I first met Nelson Mandela three days after his release from jail. To the surprise of the attendant press, he asked for his regards to be passed to Margaret Thatcher, still regarded as a bête noire by the ANC. A series of meetings followed in a tiny matchbox house in Soweto, as he resisted initially Winnie's demands that he should move into her villa, known to the locals as Beverly Hills. As he did not want to be protected by the South African police, we agreed to train his bodyguards. We also helped to improve security at his house.
After a month I suggested to him that our next meeting should be in one of the best restaurants in Johannesburg, none of which he had been able to frequent for the past three decades. A sharp intake of breath was heard when I revealed the identity of my guest, still regarded as a terrorist by most white South Africans. Mandela proceeded to greet by name the astonished mining magnates lunching there before diving into the kitchen, as he always did, to thank the staff that had prepared his meal. By the time he left, a crowd had formed in the street outside.
Mandela was very anxious about his first meeting with Margaret Thatcher. His method with those who did not agree with him was to try by all possible means to win them over to his side - an art he had practised with outstanding success on his chief warder in jail, who ended up serving as his cook. When asked how he should tackle her, we agreed that we should have a rehearsal for the meeting, with him playing the role of Mandela and me that of the Prime Minister. This gave me an opportunity to urge him to stop talking nonsense about nationalising the banks and the mines. He seemed to find this no holds barred exchange amusing.
I flew to London to see Mrs Thatcher before the meeting. I explained that Mandela had waited 27 years to tell her his side of the story and I hoped that she would let him do so. "You mean I mustn't interrupt him?" she enquired incredulously. But she did then listen for over an hour to his description of his attempts to negotiate with the apartheid regime. There followed an animated discussion over lunch at which she attempted to explain basic economics. This argument went on so long that the press assembled in Downing Street began to chant "Free Nelson Mandela!" When he emerged from the meeting, he thanked her publicly for the role she had played in helping to secure his release. She in turn was impressed by the extraordinary quality, integrity and antique charm of her visitor. Before the meeting, she had asked me if he was anything like Robert Mugabe. I was able to assure her that no two individuals I had ever met had less in common than Mandela and Mugabe.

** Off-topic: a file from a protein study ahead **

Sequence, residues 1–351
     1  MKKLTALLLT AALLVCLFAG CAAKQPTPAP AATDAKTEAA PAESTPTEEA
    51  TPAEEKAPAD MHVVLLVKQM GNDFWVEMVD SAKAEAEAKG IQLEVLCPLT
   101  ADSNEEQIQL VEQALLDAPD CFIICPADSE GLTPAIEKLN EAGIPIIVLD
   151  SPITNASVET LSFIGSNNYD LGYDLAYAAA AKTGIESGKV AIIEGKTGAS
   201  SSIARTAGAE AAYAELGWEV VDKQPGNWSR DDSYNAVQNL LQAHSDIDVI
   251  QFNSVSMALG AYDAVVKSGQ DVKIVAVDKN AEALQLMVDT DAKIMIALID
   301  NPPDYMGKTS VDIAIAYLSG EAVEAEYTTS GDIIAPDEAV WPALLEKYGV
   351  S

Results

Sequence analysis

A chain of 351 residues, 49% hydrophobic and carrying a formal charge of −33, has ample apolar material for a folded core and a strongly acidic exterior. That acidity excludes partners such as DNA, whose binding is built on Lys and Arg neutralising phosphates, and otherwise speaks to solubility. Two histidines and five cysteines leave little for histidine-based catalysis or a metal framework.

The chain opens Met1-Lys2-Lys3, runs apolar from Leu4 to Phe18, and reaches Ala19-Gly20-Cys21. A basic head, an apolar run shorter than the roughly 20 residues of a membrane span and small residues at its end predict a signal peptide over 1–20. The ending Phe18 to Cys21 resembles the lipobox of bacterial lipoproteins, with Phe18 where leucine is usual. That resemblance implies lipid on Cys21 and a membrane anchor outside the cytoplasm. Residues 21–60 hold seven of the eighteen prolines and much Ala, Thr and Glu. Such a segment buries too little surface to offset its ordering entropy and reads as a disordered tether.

Through the next few desperately tense months in South Africa, I was able on a number of occasions to help Mandela in his negotiations with FW de Klerk - the man who had made his release possible. Suffering from exhaustion, Mandela told me that he had decided to take a holiday in Cuba. I persuaded him that he should stay instead with a mutual friend in a game park in South Africa. Summoned one day to take an urgent telephone call from the great man, I imagined some fresh breakdown in negotiations, only to find that he wanted to give me the politically incorrect news that he had succeeded in shooting a buck. I tried hard to persuade him, against the advice of his associates, that he needed to meet Chief Buthelezi which, belatedly, he agreed to do and to find a way to enable De Klerk to show his own constituency that the very difficult path on which he had embarked had some benefits for them. This led to the lifting of the sports boycott.
Mandela kept urging me to join the ANC. I suggested that this might be difficult to explain to my Prime Minister. But I found myself being as skillfully co-opted as others had been. When the House of Commons Foreign Affairs Committee visited South Africa, Mandela insisted that I should sit on his side of the table since, he claimed, I was his adviser.
Most visitors tended to show an excessive degree of sycophancy towards him. He was never overly impressed by this. When he described Qaddafi as a great supporter of human rights, I went with Helen Suzman to remonstrate with him. "How could you be so silly, Nelson!" exclaimed Helen. He deserved more friends like her.
When I left South Africa, he insisted on making the long journey from Soweto to Pretoria to say goodbye. I promised that, when the moment came, we would do our utmost to bring investment back to South Africa. A few months later he asked me to arrange a dinner for him at the British Embassy in Washington at which, for the first time, he told representatives of all the major investment institutions that he wanted them now to return.
On his state visit to Britain as President, he arranged for some of the best musicians from Soweto to give a concert at the Albert Hall. During the interval, I reminded him that the audience were waiting for him to stand up and dance, as he always did in South Africa. He was worried that this might offend the Queen, who was sitting next to him. But stand up and dance he did, whereupon Her Majesty followed suit. This was not an outcome that could have been achieved by any other world leader.